Cruz will run for Senate in 2024 but leaves open possible presidential run: Report

Sen. Ted Cruz (R-TX) said Saturday during a speech to the Republican Jewish Coalition that he will run for a third term in the Senate, but did not rule out another try for the presidency. 

Cruz was well-received by the Jewish group, which is a traditional group to court when announcing a presidential run.

When asked directly whether he was ruling out a candidacy for president in 2024, he simply said it was to early to say what would happen.

“You can consider whatever you like,” Cruz said, when asked if running for reelection means he should no longer be considered a potential 2024 contender. “There will be plenty of time to discuss 2024 presidential. I get that that is a lot of fun in the media to do. There will be plenty of time for that.”

Most fun experience

Cruz was second to former President Donald Trump in 2016’s Republican primary.

Cruz said the experience of running for president was among the most fun he has ever had in his life, other than losing.

Additionally, the runner-up from the previous primary always has a good chance of being selected in the current one.

Cruz has come to prominence within the Senate by repeatedly challenging the status quo and by creating a top-rated podcast where he explains the behind-the-scenes goings-on of Washington D.C. and the Senate.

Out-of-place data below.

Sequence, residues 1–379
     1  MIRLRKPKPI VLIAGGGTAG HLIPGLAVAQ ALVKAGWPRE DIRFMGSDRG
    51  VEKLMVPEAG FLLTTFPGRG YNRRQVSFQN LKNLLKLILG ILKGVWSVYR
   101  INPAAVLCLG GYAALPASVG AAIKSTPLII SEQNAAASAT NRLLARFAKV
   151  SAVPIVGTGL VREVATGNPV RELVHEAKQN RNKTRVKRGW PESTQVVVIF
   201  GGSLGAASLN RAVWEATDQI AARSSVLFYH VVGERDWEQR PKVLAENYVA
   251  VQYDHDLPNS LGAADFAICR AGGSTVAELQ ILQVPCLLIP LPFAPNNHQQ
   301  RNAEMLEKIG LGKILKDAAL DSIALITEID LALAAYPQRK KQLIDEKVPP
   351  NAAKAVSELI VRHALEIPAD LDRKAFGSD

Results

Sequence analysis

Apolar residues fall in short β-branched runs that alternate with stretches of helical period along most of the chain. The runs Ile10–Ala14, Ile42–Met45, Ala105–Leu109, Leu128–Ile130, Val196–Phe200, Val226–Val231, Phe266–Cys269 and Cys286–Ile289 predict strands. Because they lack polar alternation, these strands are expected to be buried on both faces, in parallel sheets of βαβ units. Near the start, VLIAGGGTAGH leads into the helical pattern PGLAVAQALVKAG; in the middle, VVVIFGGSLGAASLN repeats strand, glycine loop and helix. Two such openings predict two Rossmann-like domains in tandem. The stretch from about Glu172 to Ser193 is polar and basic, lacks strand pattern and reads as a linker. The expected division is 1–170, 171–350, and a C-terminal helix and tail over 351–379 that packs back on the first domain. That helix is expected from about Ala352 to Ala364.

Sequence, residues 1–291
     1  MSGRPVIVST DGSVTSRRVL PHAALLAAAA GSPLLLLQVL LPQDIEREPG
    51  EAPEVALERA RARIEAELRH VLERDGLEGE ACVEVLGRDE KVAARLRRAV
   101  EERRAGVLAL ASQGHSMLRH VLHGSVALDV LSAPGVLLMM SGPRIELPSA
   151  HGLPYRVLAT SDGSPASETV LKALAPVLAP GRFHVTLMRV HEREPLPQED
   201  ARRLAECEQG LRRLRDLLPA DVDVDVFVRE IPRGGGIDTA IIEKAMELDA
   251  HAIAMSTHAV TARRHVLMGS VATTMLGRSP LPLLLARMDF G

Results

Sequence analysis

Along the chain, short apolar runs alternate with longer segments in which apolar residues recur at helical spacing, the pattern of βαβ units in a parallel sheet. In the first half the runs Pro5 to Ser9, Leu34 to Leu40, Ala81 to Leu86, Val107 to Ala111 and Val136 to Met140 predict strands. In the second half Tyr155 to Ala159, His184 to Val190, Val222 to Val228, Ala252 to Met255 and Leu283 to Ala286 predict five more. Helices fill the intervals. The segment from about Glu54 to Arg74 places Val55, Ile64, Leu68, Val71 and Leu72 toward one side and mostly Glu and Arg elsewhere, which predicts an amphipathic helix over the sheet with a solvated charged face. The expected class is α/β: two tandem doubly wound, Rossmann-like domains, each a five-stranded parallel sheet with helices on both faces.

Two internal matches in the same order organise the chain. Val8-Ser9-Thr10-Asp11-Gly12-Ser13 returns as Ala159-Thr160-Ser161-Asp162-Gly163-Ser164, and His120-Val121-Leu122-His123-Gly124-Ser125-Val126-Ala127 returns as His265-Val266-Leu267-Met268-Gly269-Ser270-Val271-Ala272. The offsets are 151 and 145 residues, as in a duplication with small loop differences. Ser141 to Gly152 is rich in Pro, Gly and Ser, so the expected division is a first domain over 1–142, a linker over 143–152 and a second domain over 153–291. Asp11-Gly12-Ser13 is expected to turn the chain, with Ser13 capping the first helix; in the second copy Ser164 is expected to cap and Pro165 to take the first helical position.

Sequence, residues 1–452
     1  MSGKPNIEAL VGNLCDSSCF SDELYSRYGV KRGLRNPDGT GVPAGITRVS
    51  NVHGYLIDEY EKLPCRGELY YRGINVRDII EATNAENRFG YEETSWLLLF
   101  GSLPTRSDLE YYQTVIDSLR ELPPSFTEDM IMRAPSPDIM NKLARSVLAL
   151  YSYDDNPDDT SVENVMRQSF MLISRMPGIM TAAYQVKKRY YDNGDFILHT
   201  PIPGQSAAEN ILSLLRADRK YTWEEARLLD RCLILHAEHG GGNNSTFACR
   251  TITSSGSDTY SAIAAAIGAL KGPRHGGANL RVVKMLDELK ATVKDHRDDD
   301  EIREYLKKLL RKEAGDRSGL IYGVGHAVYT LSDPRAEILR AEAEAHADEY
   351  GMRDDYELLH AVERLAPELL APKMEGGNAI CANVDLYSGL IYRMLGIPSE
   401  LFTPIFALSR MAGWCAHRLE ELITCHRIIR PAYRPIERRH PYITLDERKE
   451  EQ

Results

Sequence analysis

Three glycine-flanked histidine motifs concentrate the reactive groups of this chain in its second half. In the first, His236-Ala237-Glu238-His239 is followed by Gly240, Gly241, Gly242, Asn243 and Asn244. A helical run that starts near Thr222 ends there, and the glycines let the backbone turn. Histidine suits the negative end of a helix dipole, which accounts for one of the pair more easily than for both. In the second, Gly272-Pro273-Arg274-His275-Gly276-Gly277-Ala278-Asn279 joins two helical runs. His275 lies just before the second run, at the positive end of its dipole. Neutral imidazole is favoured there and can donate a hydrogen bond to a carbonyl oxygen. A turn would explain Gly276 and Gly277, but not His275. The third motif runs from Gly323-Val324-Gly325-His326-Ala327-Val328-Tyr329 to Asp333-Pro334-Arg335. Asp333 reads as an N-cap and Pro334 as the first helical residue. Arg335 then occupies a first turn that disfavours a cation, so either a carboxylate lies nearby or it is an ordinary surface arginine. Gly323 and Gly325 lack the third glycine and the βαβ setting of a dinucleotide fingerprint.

Wait and see

Cruz previously said he would wait to see if Trump decided to run for president again. Despite the fact that Trump did announce his candidacy last week, Cruz is in no hurry to announce his.

Cruz has not attacked Trump so far, but did suggest that Trump should delay his presidential announcement until after the midterm special Senate elecction in Georgia on December 5. Trump declined.

The argument Cruz made is that Trump would make the runoff too much about him if he were a presidential candidate.

Two Senate seats in a previous runoff both went to Democrats after Trump suggested that the 2020 presidential election was stolen from him and seemed to encourage Republicans not to vote at all, giving Democrats a tie-breaker majority with Vice President Kamala Harris casting a deciding vote when needed.